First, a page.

Giving birth began exactly how I always imagined it to be: Rushing to the hospital in the early morning hours, pushed in a wheelchair by my husband and feeling painful contractions that left me breathless. As instructed, we checked into the emergency department before heading up to the labor and delivery unit.
“I’m checking Julie Crowder in. Her doctor said to come in when the contractions were five minutes apart.”
Did he say, Julie Crowder?
A nurse called up to labor and delivery. She said, “we don’t have a Julie Crowder on file here. Did you pre-register?”
Oh no. He did say, Crowder.
“BURTON. My last name is not Crowder anymore. It’s Burton. My husband forgot my name changed after we got married.”
Dads - they get nervous, too. They’re somewhat of a bystander through the process. They definitely don’t feel the physical pain a woman endures, but they feel the heavy emotions as they help bring a human into the world. Stories in the delivery room are always told from a woman’s perspective (as they should) but we rarely hear from men.
Their voices need to be heard, too. After all they do get the honor of front row seats in the labor and delivery room.
It’s a girl! Maiya
Going to the hospital felt like staying in a hotel. We collected our belongings and went to the hospital to poke the “water sack” with what I imagined to be a crochet needle. I knew my role was to provide moral support.
I realized I wasn’t prepared at all. We tried the water bath, which she hated. I encouraged her to remember her training and, “You can do this.” That didn’t work. I settled on rubbing her feet which worked for a while. I felt like I was being scored by the nurses and doctors. You have to be on your best behavior and do all the right things for the mom or they flat out won’t be nice to you.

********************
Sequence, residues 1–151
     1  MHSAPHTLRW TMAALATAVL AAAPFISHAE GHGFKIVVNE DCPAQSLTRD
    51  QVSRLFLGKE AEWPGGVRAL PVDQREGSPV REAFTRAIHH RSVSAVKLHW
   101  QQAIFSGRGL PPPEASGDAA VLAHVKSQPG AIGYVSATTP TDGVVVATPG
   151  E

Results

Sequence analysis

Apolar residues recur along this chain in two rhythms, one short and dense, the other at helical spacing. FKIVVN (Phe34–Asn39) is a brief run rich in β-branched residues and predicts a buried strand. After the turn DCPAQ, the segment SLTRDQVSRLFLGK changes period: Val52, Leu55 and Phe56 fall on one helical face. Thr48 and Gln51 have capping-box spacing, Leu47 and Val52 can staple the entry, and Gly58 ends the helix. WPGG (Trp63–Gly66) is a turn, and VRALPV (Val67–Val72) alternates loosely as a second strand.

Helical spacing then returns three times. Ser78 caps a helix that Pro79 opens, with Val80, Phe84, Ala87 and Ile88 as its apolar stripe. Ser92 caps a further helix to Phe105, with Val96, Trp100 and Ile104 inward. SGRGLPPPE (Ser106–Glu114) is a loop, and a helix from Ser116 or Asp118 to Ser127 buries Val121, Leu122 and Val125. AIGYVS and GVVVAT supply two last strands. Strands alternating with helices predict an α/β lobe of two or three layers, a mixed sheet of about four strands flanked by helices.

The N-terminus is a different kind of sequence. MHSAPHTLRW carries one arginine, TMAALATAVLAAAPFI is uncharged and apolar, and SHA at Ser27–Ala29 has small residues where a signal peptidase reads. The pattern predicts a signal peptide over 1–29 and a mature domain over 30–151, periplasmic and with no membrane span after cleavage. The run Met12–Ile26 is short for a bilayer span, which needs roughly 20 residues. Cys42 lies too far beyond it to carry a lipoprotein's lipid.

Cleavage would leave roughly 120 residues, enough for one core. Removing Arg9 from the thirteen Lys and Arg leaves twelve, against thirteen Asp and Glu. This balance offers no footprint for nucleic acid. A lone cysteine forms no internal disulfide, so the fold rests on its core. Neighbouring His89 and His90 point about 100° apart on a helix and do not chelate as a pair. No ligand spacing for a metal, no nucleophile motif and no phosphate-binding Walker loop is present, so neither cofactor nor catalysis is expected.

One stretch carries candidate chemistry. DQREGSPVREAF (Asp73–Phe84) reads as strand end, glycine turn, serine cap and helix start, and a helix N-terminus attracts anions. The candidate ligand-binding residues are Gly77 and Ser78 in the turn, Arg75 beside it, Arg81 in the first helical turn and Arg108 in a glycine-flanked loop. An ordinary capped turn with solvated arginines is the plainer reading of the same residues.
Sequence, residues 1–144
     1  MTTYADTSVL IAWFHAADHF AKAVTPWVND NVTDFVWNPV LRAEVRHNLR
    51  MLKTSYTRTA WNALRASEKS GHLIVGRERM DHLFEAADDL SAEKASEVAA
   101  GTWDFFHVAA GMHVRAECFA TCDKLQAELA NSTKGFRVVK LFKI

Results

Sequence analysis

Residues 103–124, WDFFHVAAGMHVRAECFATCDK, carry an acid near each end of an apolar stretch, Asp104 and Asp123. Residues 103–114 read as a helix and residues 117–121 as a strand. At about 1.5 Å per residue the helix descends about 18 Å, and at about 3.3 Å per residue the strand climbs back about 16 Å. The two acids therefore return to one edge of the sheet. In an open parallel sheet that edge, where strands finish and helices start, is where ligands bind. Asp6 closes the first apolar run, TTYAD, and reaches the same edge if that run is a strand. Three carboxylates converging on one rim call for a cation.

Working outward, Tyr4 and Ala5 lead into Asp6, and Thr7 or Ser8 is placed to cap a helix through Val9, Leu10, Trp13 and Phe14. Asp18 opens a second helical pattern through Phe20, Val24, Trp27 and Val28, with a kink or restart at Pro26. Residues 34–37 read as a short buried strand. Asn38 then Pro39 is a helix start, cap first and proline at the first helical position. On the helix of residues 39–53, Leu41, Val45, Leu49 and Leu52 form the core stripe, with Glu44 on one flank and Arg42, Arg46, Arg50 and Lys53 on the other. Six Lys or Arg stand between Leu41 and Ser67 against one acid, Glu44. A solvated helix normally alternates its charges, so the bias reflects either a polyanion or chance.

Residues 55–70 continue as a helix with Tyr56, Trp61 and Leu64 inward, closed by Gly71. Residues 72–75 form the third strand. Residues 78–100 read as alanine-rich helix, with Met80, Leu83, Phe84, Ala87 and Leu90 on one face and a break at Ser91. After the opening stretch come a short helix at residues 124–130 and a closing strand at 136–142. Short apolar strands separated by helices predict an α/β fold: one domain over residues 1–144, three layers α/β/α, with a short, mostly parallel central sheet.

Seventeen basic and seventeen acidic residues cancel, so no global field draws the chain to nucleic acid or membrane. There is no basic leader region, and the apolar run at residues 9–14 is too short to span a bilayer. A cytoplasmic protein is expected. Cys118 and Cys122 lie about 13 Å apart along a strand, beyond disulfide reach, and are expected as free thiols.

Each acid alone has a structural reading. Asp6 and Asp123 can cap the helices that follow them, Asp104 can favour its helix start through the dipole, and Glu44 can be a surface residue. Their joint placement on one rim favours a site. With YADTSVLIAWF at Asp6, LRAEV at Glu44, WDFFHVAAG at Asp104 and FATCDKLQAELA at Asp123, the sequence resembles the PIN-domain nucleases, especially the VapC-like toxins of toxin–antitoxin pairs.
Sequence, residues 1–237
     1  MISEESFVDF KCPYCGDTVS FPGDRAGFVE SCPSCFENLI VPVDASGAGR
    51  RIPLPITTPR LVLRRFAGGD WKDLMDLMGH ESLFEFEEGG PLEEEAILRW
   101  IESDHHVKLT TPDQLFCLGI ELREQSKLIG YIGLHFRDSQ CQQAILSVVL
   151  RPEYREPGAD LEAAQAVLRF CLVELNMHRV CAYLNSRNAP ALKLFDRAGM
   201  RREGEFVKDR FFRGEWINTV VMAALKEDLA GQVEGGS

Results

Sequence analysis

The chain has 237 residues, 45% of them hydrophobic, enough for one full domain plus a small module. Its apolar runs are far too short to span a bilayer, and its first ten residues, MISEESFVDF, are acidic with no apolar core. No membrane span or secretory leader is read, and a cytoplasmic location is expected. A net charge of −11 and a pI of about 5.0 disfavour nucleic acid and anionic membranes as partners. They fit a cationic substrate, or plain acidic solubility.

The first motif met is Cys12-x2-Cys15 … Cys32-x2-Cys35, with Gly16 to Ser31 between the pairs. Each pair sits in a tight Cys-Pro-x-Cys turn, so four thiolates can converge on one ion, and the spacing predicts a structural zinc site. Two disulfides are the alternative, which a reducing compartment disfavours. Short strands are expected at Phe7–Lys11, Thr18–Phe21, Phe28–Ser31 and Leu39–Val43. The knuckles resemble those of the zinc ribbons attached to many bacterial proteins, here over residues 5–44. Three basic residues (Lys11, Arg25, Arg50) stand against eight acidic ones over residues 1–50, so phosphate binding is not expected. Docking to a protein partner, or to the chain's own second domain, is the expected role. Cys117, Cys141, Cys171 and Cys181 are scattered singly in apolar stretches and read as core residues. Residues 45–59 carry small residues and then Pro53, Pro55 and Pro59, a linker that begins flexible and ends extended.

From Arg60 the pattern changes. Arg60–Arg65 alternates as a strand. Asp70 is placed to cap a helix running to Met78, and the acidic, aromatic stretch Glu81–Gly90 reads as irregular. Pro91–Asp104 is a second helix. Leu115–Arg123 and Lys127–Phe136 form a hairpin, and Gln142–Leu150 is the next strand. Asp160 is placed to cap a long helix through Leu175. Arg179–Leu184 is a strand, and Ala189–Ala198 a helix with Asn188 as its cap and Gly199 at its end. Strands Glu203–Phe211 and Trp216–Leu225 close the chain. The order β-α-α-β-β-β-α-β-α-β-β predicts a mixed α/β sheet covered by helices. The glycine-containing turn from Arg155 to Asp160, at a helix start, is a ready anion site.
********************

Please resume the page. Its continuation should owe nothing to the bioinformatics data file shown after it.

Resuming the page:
My wife pushed for four and a half hours. She looked like she was in some serious pain. As I was talking to her, she was passing out in between contractions. “Holy crap,” I thought. Is she asleep? She sure was. I never saw that kind of exhaustion coming. As the baby was crowning the nurse asked me if I wanted to watch. I politely declined as, of course, us guys are scared of being scarred for life. I held my wife’s hand instead. I was surprised by the overwhelming feeling that rushed into the room. I later realized it was the energy of her very being that made me feel emotions I have never felt before.
The experience changed me as a person. I have to say there is nothing better than being a parent. Our children test us daily which has only made me stronger as a man and a father.
It’s a boy! Gavin
The birth story of our son is fun. I was working early mornings at Fox 4 and got up around 3:30 a.m.-ish to head to the station. My wife told me she thought she was having contractions, but I should go ahead and go to work. I worked the morning show and headed back home to check-in. My mom had come over and my wife was laboring in the front room.
After making calls to the doctor, we decided to head into the hospital. My wife’s biggest concern was she going to the hospital too early, not dilated enough, so they'd turn around and send us home.
It turned out she was dilated almost too much, and barely had time for an epidural. So, I left her with the doctor to park the car (apparently I left it in short-term or something). When I came back, they already broke her water and were getting ready to start an epidural. When they peeled back the layer of film covering the epidural needle package, my knees went weak. That was a HUGE needle they were about to stick in my wife's back. The nurses asked me if I was OK and if I needed to sit down. I just remember starting to sweat and needing to get off my feet.